That particular search… makes me wonder who is the actual narcissist? Something which I sometimes wonder when reading posts by ‘victims of narcissists’. I really don’t want to wonder that… but I do. If I could read my own posts on the subject impartially, I might wonder that about myself too.

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the things you say - mark amend

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The lines get very blurred, and the thing is… a relationship with a narcissist once it goes wrong will bring out the worst in you no matter how hard you try to remain within the confines of the best of you. If you’ve ever wondered why good people can end up being bad, how a peaceful soul can end up committing homicide, what makes a tree-hugger want to chop down the tree which they were hugging (and feed it branch by damaging carbon-footprint chainsaw severed branch through a woodchipper), and you can’t empathise at all with them… consider yourself lucky, you’ve never been in a relationship with someone who has NPD… or you’re lying to yourself (in denial or in the/de Nile) for self-appearance’s sake.

If you’re the victim of narcissist abuse, and you’re trying to understand how a narcissist could do that to someone else, and you would like a shortcut to gaining insight into their psyche of someone with NPD – look at how the wounds which they have inflicted upon you have affected you, your actions, reactions and your view of the world. Pain is a shortcut to understanding NPD. Pain, our own personal version of it, especially when it drowns us in its terrible waters, turns us all into unhealthy narcissists who can’t see our own narcissism but can see everyone else’s and how theirs hurts us but not how ours hurts them – we can’t afford to see that, can’t empathise or sympathise with that!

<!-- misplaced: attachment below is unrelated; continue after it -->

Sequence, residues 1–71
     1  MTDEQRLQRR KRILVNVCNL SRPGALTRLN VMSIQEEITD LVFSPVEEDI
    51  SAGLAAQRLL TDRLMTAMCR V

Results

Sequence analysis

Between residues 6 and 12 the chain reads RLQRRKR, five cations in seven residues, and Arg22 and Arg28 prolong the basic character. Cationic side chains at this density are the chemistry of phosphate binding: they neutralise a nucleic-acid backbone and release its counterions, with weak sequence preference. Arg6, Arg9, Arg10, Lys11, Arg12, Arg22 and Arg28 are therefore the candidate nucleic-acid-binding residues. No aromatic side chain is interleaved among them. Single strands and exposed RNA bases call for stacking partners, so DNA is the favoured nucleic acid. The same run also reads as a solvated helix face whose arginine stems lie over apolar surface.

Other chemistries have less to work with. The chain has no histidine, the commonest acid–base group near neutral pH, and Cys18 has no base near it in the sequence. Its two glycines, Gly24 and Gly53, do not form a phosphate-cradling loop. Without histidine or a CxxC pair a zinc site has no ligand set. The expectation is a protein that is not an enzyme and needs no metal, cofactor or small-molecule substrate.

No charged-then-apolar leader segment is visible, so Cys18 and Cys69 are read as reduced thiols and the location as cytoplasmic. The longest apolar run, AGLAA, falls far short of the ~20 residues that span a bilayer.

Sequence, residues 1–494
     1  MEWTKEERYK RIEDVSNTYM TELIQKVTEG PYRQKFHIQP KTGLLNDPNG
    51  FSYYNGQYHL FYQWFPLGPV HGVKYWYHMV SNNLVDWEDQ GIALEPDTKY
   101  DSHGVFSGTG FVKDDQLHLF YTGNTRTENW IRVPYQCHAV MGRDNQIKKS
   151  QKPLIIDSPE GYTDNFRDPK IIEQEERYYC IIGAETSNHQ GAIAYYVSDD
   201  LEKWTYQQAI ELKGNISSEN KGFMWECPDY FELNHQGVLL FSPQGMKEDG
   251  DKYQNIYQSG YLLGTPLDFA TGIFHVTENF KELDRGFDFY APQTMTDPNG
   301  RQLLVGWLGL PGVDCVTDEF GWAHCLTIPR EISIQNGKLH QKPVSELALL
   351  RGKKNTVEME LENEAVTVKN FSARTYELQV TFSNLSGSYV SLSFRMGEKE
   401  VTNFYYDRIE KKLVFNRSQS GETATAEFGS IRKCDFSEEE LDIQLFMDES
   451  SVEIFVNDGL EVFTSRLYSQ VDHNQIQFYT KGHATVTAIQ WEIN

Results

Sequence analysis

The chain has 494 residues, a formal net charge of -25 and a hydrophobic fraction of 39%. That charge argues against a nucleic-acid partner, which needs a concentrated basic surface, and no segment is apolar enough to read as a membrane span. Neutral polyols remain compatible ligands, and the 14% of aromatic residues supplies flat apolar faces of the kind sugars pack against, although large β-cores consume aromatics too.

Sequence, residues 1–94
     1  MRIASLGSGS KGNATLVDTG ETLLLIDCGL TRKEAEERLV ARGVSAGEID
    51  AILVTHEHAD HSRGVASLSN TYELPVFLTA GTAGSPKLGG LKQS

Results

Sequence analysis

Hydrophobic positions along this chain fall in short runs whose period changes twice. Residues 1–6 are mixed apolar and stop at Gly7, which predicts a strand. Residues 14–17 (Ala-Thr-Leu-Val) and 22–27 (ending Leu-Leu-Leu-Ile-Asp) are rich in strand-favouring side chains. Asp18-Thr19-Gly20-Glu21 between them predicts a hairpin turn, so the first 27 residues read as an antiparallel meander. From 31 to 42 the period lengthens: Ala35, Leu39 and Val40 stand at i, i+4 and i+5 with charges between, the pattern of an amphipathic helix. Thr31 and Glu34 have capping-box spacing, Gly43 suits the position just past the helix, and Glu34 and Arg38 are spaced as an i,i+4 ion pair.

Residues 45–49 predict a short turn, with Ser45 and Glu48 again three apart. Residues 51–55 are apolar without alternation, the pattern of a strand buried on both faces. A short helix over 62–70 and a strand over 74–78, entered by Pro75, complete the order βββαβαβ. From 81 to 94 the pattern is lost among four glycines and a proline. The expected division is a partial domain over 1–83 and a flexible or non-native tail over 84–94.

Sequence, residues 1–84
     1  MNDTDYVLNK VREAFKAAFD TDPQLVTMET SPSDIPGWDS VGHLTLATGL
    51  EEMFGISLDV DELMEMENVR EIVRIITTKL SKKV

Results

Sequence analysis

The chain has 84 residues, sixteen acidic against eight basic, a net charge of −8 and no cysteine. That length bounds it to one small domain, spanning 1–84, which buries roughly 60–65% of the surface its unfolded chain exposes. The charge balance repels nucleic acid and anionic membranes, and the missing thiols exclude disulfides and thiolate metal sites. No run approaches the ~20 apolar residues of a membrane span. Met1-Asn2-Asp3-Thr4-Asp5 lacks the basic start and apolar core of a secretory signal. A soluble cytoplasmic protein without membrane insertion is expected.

Sometimes… it’s all too overwhelming.

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why I am still alive...?

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Once in a while I come across the writings of a victim of a narcissist (especially if they happen to be a child of a narcissist, an ACoN) with whose story I can relate… until I hit a wall, a trigger which makes me view their words in an opposite manner from the way that they intend them to be read and heard. And I occasionally end up sympathising or maybe empathising or both with the narcissist rather than (or also with) the victim of the narcissist – which can be confusing but is also par for the course where NPD is concerned. Contradictions abound aplenty.

Status – complicated as usual.

The long and short and very complicated of it is – If you want to know if a child of a narcissist is a narcissist too, pay attention to how they treat their own children. If they are telling you how much they have suffered because they were the child (particularly the scapegoat) of their narcissist parent, and at the same time they are discussing their own children (in an unempathic/sympathetic manner – with one being the ‘golden child’ and another the ‘scapegoat child), are they a victim of a narcissist or a narcissist pretending to be a victim of a narcissist or both and other things? Is the wound being passed on without it being conscious or is it conscious and deliberate?  Do they see themselves as a victim and can’t see the victimisation they are inflicting on others (on their own children) in their default ‘I am a victim of a narcissist’ (and if I am a victim no one else in my life can be, and they certainly can’t be a victim of me, but I can be of them) victim setting?